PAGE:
Newcastle’s existing rail and port facilities would help make it Australia’s only port capable of handling the new Maxi container vessels. Source: Getty Images.
“With the expected increase in containers, port and rail limitations at Port Botany and Sydney congestion, Newcastle makes sense for northern NSW growers and taxpayers,” Craig says.
The port is ready to become a global gateway to regional and northern NSW, says Port of Newcastle executive manager customer and strategic development Ian Doherty. “There isn’t a container terminal in the country at the moment that can take the size of newer container ships, so everyone is missing out.
“For Australia to avoid being left behind, we need ports with the capacity to handle a vessel that carries three times the current average.”
“Newcastle is already positioned to play this critical role. It has a deep channel and direct connections to road and rail infrastructure, including the ability to take 1.5km trains right to the berth. A container terminal can be built without the need for substantial public investment or additional infrastructure.
A ship being tugged at Newcastle. Newcastle is well positioned to provide another terminal port. Source: Getty Images.
“Making exporting easier and more cost effective is critical to help NSW exporters take advantage of growing Asia-Pacific markets for their products. We believe the terminal would unlock economic opportunities, reduce freight costs, generate employment and expand trade opportunities.
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“It would also benefit operators using Port Botany, by easing the congestion and potentially pushing down prices due to increased competition.”
A report prepared for the Port of Newcastle says freight savings for customers in Newcastle, the Hunter and northern NSW will be worth $2.8 billion by 2050, as the average freight journey in the region will be cut by 40%.
Case studies showing the savings farmers could expect by a container terminal at Newcastle.
Jock Carter, executive director of agricultural export company Newcastle AGRI Terminal, says a container terminal in the city would be a really good growth opportunity for his company. “While containers are only 5%-10% of our business at the moment, I’d expect about a four-fold increase if we had a more efficient supply chain.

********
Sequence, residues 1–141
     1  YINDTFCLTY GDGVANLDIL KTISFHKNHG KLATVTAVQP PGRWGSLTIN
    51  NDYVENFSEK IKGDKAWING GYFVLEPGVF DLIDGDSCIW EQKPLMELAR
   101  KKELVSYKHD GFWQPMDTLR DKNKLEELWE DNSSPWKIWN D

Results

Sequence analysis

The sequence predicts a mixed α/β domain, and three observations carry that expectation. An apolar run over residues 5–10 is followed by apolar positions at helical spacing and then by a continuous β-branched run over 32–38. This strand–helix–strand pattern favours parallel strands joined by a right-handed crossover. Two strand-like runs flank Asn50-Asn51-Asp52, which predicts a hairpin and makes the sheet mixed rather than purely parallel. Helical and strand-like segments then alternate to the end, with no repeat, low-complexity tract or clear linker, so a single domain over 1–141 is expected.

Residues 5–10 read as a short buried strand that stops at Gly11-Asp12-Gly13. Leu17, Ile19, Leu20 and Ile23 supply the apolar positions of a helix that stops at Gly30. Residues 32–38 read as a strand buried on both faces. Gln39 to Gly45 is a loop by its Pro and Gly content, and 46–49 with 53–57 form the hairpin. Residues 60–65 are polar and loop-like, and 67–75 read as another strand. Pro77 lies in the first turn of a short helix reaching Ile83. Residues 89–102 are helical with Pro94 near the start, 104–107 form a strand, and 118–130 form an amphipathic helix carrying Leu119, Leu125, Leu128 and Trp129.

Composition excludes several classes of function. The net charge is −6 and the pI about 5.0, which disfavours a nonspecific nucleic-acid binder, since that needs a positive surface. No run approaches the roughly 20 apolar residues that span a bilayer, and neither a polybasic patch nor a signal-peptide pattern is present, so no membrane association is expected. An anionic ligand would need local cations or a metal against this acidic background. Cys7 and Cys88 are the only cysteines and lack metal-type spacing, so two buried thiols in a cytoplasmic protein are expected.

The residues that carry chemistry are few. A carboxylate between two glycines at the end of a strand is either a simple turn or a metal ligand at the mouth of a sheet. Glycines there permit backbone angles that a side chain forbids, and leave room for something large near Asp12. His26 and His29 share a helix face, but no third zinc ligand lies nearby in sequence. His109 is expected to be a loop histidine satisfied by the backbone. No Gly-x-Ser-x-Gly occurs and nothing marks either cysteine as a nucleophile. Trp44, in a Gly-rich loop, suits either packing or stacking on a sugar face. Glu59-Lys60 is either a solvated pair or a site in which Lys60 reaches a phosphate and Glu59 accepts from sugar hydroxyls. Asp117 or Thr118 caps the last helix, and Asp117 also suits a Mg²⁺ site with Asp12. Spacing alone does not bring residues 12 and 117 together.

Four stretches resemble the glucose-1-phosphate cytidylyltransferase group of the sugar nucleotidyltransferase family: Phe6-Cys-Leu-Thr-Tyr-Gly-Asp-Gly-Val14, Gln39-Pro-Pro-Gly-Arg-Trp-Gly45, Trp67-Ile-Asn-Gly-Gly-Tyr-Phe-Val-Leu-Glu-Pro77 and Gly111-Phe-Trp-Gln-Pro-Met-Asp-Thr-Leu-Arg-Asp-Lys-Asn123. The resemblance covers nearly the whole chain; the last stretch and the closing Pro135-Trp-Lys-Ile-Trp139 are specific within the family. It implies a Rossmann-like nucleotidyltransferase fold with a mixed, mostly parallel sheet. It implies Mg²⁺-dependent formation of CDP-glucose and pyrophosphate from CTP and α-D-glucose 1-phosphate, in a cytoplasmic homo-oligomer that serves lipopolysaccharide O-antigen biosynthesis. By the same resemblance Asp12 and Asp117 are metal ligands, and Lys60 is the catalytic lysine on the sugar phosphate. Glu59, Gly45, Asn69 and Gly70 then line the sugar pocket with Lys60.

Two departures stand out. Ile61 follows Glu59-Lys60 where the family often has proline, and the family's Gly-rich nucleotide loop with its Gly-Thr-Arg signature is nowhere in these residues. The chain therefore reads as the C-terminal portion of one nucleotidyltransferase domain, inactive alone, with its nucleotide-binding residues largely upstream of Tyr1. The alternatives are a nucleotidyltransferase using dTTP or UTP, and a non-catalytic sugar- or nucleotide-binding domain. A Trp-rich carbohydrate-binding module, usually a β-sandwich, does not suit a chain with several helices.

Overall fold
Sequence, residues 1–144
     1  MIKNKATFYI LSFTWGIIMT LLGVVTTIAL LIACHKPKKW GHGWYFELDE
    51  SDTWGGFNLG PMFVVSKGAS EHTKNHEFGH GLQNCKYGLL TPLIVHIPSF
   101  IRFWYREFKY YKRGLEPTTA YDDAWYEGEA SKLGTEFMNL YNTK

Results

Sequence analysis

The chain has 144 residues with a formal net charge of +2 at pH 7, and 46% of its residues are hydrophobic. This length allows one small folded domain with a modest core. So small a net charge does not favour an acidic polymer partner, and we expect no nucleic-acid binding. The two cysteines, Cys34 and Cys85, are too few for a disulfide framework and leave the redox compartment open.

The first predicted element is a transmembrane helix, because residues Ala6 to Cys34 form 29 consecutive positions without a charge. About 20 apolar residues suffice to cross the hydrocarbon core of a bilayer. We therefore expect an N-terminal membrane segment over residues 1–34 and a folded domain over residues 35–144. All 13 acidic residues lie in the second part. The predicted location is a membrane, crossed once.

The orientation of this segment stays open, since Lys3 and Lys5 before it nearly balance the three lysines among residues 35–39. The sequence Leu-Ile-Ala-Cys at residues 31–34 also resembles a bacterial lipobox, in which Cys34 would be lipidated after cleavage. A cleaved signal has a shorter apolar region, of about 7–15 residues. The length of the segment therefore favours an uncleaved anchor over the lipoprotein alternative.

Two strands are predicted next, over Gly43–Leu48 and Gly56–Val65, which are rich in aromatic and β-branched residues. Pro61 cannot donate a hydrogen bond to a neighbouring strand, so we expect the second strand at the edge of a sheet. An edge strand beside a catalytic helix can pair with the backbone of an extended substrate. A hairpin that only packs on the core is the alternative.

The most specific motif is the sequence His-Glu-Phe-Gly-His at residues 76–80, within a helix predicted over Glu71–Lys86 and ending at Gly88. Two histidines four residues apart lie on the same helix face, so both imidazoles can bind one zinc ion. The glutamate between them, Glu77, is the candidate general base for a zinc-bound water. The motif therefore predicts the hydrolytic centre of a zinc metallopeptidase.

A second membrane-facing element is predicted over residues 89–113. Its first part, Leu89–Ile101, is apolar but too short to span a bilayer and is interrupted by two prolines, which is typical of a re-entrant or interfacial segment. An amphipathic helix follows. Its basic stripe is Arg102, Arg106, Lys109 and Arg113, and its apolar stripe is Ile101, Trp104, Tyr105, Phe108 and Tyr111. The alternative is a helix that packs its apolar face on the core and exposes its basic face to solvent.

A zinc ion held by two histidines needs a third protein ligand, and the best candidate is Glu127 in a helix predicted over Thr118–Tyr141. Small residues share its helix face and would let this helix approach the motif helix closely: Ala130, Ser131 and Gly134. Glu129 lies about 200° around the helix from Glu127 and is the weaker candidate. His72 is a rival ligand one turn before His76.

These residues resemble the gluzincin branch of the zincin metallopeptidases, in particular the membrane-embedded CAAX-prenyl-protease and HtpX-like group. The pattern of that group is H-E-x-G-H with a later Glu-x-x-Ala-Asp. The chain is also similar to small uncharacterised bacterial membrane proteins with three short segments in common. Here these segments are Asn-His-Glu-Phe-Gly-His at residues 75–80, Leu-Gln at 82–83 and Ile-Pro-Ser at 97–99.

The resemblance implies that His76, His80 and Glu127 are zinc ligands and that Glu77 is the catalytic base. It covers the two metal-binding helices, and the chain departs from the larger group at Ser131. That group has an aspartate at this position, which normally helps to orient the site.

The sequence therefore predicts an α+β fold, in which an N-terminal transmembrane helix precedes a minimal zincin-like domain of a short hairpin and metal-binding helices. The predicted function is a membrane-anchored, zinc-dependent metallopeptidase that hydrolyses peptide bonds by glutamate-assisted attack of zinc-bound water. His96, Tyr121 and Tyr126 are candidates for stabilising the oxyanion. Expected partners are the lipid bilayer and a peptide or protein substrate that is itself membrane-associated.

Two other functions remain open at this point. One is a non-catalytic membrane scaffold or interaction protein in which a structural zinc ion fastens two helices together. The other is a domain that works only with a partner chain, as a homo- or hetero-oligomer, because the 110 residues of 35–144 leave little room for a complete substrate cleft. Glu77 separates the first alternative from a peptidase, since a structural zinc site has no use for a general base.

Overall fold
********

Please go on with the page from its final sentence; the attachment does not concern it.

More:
“The biggest limiting factor at the moment is the cost of getting freight into Sydney. Part of that is the congestion – which is only going to increase as the population grows – and its impact on reliability.
“The fascinating thing about Newcastle is the existing infrastructure. You could run long, heavy trains tomorrow into the proposed container terminal site, because it has the rail and road infrastructure and corridors already in place.”
Newcastle has a lot of existing infrastructure and is ready to include a container terminal. Source: Getty Images.
Jason Ferguson, director of Southern Shorthaul Railroad, says the current system also struggles to cope with the variability of agricultural production.
“There’s been next-to zero in the way of containerised grain exports for the most recent season, but wind the clock back a couple of years and the freight task was huge.
“If we have a bumper year after a dry year or two, rail operators will struggle to get all of the required rail port windows they need to get the grain out. It might be possible to run export trains into the metropolitan intermodal terminals and let rail port shuttles or road do the final leg, but this will add $8 to $10 per tonne to transport costs.”
Fast facts about the benefits of a Newcastle container terminal
- $2.8 billion savings on freight costs by 2050 for businesses and consumers in northern NSW.
- 40% decrease in average distance freight will travel over land..
- 4,600 new jobs gained in the Hunter and northern NSW by 2050.
- $800 million increase in exports from the Hunter and northern NSW by 2050.